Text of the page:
Oklahoma looks like a strong contender for a national title shot.  However, they still are weak on both sides of the ball in the passing game.  That shouldn't keep them from winning the conference, but it will absolutely undo them in any championship game.  Missouri looks pretty decent as well with returning Heisman candidate QB Chase Daniels.  But like Oklahoma, they are going to have problems on both sides of the ball with a consistent passing game as they had several key graduations on both lines and don't have any ready made replacements.  The same can be said of Kansas and their chances.

All Big Ten teams are automatically eliminated from national title consideration until they grow a pair (and hold a conference championship game) and until they start recruiting real athletes.  They may get lucky with an occasional star player like Chris Wells, but that conference has been exposed as a fraud in the major bowl competition.  Some team like Ohio State or Illinois might get into the BCS title game because of their won-loss record, but you can take it to the bank that they will get smoked by at least 20 points.  All title talk about the Big-10 is just marketing to sell tickets and commerical time, nothing more. 

Clemson has been mentioned as a trendy pick for a title shot as well.  They have a studly defense which should keep them in games long enough to allow their playmakers on offense to break something.  But their offensive line is largely inexperienced and will determine if these Tigers are a true title contender or merely a good team.  Another concern is their schedule to finish the season.  Consecutively they play Georgia Tech, Boston College, Florida State, Duke, Virginia and South Carolina, and then a possible match-up against Virginia Tech in the conference title game.  None of those squads look like title contenders, but all (except for Duke) usually put a pretty good team on the field.  Going through a gauntlet like that can take a lot out of a team, no matter how talented.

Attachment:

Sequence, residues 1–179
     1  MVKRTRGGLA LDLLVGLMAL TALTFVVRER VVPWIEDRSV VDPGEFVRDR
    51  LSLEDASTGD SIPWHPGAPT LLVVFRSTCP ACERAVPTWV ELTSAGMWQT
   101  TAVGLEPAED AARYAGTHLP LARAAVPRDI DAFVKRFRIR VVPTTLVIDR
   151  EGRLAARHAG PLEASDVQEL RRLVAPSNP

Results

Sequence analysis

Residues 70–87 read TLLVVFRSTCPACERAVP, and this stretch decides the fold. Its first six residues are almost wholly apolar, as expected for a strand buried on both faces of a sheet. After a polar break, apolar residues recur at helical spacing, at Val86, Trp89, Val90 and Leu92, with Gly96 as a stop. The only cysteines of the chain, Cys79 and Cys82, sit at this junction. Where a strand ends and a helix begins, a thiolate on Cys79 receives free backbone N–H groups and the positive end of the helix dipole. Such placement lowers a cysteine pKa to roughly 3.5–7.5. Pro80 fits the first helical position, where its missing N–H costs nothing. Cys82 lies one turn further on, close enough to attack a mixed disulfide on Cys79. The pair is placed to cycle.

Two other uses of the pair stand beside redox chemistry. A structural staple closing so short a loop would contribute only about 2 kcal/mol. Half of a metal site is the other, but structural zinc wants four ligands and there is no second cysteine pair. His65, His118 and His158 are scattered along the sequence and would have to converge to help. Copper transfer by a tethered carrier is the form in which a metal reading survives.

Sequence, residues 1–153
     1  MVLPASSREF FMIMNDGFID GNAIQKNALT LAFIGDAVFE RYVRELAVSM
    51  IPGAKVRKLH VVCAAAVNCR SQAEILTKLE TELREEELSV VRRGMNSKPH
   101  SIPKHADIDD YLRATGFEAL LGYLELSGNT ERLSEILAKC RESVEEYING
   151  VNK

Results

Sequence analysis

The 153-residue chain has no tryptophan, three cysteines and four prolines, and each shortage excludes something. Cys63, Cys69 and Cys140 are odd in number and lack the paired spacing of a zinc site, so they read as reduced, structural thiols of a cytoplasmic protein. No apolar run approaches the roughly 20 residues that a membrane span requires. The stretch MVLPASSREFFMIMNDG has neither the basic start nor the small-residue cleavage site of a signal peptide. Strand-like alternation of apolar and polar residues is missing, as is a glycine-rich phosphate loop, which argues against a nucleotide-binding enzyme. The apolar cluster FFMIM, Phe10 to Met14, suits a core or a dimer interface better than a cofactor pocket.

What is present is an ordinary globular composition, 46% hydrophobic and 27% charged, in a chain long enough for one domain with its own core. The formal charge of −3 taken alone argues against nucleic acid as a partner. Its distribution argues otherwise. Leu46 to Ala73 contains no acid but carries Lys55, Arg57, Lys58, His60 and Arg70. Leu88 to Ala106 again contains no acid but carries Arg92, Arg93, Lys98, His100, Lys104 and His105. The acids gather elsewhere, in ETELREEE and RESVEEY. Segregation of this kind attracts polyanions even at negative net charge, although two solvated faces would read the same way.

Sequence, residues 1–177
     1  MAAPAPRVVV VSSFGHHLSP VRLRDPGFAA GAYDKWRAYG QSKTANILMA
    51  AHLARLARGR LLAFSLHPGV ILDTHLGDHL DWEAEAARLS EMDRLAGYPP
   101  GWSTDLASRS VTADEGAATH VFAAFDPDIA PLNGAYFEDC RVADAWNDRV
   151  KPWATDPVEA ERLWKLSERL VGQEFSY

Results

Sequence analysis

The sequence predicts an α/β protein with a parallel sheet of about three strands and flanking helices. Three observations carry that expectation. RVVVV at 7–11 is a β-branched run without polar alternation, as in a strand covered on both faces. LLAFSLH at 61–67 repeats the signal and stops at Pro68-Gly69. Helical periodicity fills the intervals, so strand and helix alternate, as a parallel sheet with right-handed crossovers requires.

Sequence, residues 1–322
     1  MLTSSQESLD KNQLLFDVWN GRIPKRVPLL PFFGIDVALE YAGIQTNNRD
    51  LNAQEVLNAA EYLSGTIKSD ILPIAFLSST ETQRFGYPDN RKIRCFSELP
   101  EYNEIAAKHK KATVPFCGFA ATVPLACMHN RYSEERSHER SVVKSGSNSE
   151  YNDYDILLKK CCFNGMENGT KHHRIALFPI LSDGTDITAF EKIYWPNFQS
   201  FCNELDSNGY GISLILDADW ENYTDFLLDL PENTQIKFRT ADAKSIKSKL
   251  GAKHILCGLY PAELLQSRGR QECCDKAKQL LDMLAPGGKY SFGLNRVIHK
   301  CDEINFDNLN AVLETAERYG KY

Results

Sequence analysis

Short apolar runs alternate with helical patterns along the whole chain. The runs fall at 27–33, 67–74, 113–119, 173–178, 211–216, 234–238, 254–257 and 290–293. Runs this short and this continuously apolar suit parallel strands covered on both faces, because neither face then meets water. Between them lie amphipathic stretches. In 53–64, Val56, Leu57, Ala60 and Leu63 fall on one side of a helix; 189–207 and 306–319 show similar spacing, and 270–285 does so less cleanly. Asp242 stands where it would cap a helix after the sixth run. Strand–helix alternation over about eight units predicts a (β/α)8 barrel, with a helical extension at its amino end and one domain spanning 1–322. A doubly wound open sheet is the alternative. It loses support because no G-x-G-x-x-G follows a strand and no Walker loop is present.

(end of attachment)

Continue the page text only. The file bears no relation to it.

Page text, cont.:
From the SEC, Auburn, Florida and Georgia all look strong.  As long as Florida has Tim Tebow and Percy Harvin, they are a threat to score bunches of points.  Defensively, they still have big problems stopping the run and that's a big weakness facing an SEC schedule.  Auburn has a lot of talent returning and a new offensive coordinator to help a weak offense.  But no matter how well the play is designed, they still need either QBs Chris Todd or Kodi Burns to execute it, something they had big problems with last year.  Auburn also had a lot of troubles stopping big plays in the passing game.  Georgia is a chic pick to play for the BCS title, but they have tough road games at South Carolina (and their old nemesis Steve Spurrier), Arizona State, LSU and Auburn.  The first two are back to back, followed by home games against Alabama and Tennessee.  That could be a title killer.  If not, the road game at LSU followed by a home game with Florida surely will be.  The Bulldogs also have a problem with a weak pass rush as their two best players in that respect are gone.